Oil and Water
A pivotal battle is taking place in the world’s oceans, pitting environmentalists against big oil companies. By looking just below the surface, Emily Callahan ’11 is bringing the two sides together.A
n oil rig dwarfs a small fishing vessel idling nearby. This hulking, dormant mass of steel and concrete juxtaposed against the pristine blue water and the lush, green mountains off the coastline of Santa Barbara, California. It’s an eyesore.
A scuba diver, standing on the deck of the boat and covered by a seal-colored, neoprene wetsuit, isn’t looking up at the rig, however. She’s looking down at the water. Like an iceberg, it’s what lies beneath the surface—what you don’t see—that holds the most wonder.
In this case: life.
The oil rig and 26 others like it along the California coast are home to reefs that have grown naturally upon the structures, evolving into valuable ecosystems that support local marine habitat. They have become a breeding ground for threatened species of fish, crustaceans and fauna, and provide safe haven for traveling groups of seals and dolphins.
In California, where an overdeveloped coastline has led to catastrophic erosion of natural reefs, preserving these artificial reefs could be the key to protecting the fragile ecosystem. But with the environmental risks that go along with offshore drilling platforms, coupled with the aesthetic concerns of residents, oil companies and environmental agencies will need to reach a compromise.
Sound impossible? The diver, Emily Callahan ’11, doesn’t think so.
PRESERVING ABANDONED and decommissioned offshore oil rigs and converting them into artificial reefs is not a new idea. The practice, referred to as Rigs-to-Reefs, has been utilized in several areas of the world, including Brunei and Malaysia. In the U.S., Rigs-to-Reefs has found a home in the oil-rich Gulf of Mexico, where the Bureau of Safety and Environmental Enforcement, within the Department of the Interior, developed it. According to the BSEE, as of July 2015, 470 oil platforms have been converted to permanent artificial reefs in the Gulf.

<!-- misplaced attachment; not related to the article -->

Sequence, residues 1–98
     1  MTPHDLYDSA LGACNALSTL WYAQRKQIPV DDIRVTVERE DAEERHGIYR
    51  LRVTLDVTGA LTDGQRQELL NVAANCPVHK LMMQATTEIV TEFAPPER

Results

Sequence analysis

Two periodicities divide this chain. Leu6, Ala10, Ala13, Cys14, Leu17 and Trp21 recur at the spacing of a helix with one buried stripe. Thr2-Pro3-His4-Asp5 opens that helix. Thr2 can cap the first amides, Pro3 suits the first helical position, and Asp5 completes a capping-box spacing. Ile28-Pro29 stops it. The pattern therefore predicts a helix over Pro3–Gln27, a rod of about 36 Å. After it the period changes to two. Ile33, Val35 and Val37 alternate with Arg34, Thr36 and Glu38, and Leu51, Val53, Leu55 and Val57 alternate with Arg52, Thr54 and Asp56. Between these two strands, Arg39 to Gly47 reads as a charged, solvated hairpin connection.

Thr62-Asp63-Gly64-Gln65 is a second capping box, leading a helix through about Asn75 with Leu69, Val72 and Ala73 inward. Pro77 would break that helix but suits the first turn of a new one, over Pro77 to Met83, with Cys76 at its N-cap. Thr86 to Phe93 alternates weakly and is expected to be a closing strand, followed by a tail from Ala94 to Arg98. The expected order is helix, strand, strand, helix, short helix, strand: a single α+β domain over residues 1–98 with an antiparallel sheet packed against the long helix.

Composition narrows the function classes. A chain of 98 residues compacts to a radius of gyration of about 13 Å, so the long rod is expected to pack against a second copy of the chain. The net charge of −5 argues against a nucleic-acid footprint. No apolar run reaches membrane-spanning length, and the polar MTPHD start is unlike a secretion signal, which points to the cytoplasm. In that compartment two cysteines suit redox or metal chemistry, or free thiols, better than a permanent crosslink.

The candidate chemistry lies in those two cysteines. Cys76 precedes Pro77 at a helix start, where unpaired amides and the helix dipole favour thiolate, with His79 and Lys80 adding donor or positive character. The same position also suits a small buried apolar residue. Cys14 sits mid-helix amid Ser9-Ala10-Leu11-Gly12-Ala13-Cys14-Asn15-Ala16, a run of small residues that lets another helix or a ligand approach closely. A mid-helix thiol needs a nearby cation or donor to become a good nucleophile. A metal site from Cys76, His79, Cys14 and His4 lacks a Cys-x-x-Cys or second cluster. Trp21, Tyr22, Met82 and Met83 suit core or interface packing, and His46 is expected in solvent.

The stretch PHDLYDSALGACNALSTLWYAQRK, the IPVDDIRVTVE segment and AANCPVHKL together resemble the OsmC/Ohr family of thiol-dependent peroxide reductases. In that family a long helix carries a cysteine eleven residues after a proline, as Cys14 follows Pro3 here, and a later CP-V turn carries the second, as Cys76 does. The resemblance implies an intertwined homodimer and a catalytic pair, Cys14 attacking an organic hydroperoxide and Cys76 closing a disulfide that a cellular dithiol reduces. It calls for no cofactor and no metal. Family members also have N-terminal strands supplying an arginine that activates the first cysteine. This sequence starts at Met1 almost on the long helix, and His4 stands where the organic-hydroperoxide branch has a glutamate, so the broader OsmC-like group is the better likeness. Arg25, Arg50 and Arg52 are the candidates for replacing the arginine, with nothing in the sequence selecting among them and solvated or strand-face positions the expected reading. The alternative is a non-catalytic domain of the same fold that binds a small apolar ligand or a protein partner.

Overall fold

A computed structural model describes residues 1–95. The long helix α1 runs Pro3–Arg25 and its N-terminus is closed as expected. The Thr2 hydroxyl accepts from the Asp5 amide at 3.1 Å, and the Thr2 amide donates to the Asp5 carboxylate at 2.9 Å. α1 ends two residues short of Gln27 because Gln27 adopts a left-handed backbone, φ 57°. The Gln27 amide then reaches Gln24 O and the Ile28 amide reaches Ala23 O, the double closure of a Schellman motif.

Callahan first learned of the program shortly after graduating from Connecticut College, where she majored in environmental studies and interned at the Woods Hole Oceanographic Institution in Massachusetts. After graduation, her first job was as a field technician, working in the wake of the Deepwater Horizon (BP) oil spill, where she witnessed firsthand the devastating environmental and economic effects on the region from the estimated 4.9 million barrels of oil that oozed into the Gulf.
But she also learned that a number of the more than 4,500 offshore oil platforms in the Gulf—more offshore oil platforms than the rest of the world combined—had been converted to artificial reefs. The sites had become essential for the depleted fishing industry in the region and were helping the ecosystem rebound from the spill. The program was also helping oil companies skirt the costs of completely removing the enormous rigs after they were decommissioned.
The idea stuck with Callahan when she traveled to California’s Scripps Institution of Oceanography for her graduate studies. It was there she met her research partner, Amber Jackson, and the two founded Blue Latitudes, a nonprofit group conducting a comprehensive study of the ecological, socioeconomic and advocacy issues related to bringing Rigs-to-Reefs to California. Blue Latitudes uses its research to inform the public and policymakers on the benefits associated with the program.
“When we were researching at Scripps, we realized all of this great information already existed about Rigs-to-Reefs and how it could benefit California,” Callahan says. “So the question became, ‘How can we get this information out to the public?’”